A year later, Trumbull senior center looks toward reopening

The Trumbull Senior Center men's club hold their first in person meeting in over a year, in Trumbull, Conn. May 25, 2021.

The Trumbull Senior Center men’s club hold their first in person meeting in over a year, in Trumbull, Conn. May 25, 2021.

Ned Gerard / Hearst Connecticut Media

TRUMBULL — The Trumbull senior center was closed because of the pandemic so long that social services director Michele Jakab has to give her “Welcome to the neighborhood” speech to new neighbors twice.

“On the day we closed down for quarantine, March 16, 2020, people were moving into the house across the street, and by then we were empty because people didn’t feel safe coming out,” Jakab said Monday as the center prepared to resume in-person programs. “I told them things would pick up in a few weeks when things got back to normal. Now here we are, and they actually don’t live there anymore.”

The center is planning a staggered reopening, with exercise classes limited to 20 participants to start with. Masks and social distancing are required. The plan is to double capacity in July and eventually expand to 60 people per class if demand supports it, Jakab said.

“We’ll have strength training, tai chi, and there’s really been a big demand to get the zumba classes back up and running again,” she said.

When Trumbull seniors return to the center at Priscilla Place, things will be a little bit different then they remember. For starters, there will be no congregating. For at least the first few weeks, the center is discouraging people from gathering for conversation, and the couches and benches in the building have been replaced with chairs to help keep people socially distant.

The center’s chess players also will have to get used to slightly different protocols as the staff will institute a two-board policy.

“The players sit distanced, each with a board in front of them, and they each move the pieces for both sides on their own boards,” Jakab said.

The center’s cafe also is not reopening immediately, although grab-and-go meals will be available, and the staff is planning a series of tailgate parties for outdoor dining.

On the other hand, some of the COVID-19-related changes have proven to be popular and will remain, Jakab said.

“Zoom is here to stay,” she said. “That was one of the silver linings with the quarantine — we’ve really connected with people that we never had before.”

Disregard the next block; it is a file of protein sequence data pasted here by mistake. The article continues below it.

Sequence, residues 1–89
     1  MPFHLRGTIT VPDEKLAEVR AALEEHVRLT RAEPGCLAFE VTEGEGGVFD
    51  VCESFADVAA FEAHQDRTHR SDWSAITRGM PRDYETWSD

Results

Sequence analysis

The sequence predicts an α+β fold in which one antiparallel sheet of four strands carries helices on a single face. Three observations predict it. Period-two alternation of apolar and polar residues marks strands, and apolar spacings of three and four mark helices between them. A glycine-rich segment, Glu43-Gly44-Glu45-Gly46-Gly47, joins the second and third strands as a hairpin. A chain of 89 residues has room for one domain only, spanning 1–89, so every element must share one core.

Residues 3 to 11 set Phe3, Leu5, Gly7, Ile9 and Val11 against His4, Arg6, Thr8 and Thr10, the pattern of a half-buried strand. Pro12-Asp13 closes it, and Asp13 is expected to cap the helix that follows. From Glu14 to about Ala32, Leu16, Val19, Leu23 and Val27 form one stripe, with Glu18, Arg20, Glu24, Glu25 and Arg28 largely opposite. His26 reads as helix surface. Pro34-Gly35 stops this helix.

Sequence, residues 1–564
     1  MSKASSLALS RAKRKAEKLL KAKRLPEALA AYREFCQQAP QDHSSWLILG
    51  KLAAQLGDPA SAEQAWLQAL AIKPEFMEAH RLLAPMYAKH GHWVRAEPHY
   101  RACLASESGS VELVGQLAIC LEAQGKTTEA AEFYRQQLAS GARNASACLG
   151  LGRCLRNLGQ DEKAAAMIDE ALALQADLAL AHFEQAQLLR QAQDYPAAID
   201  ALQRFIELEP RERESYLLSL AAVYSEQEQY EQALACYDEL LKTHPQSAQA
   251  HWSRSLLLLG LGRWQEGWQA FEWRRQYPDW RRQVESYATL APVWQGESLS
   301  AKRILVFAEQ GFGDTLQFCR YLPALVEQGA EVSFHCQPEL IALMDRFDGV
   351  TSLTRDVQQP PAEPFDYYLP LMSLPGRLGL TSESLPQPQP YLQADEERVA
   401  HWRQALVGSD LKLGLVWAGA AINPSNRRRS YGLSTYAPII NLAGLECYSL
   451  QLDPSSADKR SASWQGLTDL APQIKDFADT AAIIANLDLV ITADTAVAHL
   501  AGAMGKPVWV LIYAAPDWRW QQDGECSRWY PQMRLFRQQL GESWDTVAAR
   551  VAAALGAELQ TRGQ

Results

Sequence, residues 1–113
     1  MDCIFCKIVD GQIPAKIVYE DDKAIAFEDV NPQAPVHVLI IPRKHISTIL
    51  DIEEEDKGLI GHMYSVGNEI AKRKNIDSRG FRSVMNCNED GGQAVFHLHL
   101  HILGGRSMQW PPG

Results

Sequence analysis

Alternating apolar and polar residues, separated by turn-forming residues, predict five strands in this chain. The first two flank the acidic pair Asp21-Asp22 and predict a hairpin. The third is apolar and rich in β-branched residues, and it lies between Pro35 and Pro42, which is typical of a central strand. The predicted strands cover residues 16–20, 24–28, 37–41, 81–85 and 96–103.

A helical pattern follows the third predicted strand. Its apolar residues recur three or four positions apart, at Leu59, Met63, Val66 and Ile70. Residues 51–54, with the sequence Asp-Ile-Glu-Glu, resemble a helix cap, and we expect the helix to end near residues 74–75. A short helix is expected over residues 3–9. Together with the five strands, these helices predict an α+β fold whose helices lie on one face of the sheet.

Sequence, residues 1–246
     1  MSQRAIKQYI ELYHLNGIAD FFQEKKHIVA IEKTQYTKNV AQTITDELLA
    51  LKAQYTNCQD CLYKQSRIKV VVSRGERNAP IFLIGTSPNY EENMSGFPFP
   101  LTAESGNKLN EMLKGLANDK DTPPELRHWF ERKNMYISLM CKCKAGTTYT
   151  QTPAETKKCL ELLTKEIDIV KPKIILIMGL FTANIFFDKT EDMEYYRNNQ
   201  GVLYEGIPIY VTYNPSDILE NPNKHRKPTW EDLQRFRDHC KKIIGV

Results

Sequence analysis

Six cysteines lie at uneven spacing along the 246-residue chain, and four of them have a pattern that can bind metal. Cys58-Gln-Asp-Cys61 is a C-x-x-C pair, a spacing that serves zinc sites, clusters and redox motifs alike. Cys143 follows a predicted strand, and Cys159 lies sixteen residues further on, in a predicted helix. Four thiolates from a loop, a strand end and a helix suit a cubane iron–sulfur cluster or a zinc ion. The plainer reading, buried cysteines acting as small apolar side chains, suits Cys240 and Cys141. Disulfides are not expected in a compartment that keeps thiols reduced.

Jakab said it was gratifying to see Trumbull seniors logging in for fitness or online art classes who otherwise would not have been able to attend.

“Some of these people are full-time caregivers and wouldn’t be able to leave the house, but they can sign in from their living room,” she said. “Other members spend time in Florida; one person moved to Texas, but she still attends programs.”

In fact, the Zoom programs have proven to be so popular that the first group to return to the center in person was the Men’s Club. And their first meeting focused on learning the intricacies of Zoom and other online meeting software.

Another silver lining of the pandemic year was the community’s efforts to help meet the needs of Trumbull’s seniors even with the senior center closed.

“Anything we asked for, we got,” said Karen Seferi, who coordinates the center’s food pantry. “If we posted that we needed something, the next day someone came by to drop it off, or a delivery truck pulled up with it.”

In addition, residents, some of whom found themselves with more free time during the pandemic, stepped up their volunteering, Seferi said. People volunteered to drive the center’s meals on wheels vans and hand out food at curbside pickup time. And with some seniors in town living alone, volunteers also established a friendly phone call system where they called and simply spent some time talking to a homebound senior, she said.

“A Daisy Scout troop donated the proceeds from their cookie sales, a high school student donated gluten-free food. It was amazing,” she said. In addition, she said, a group of Chinese-Americans donated cases of masks and food.

“People built wheeled carts to help us get food out, people in town that have chickens began donating fresh eggs every week,” she said. “People found all kinds of ways to give.”

All of the combined efforts of everyone involved helped the center get ready to finally welcome members back into the building, Jakab said.

“It’s been so quiet, I can’t wait,” she said. “I just want to hug them all, but that’s still not allowed. We can fist-bump. I’ll fist-bump everyone as they come in.”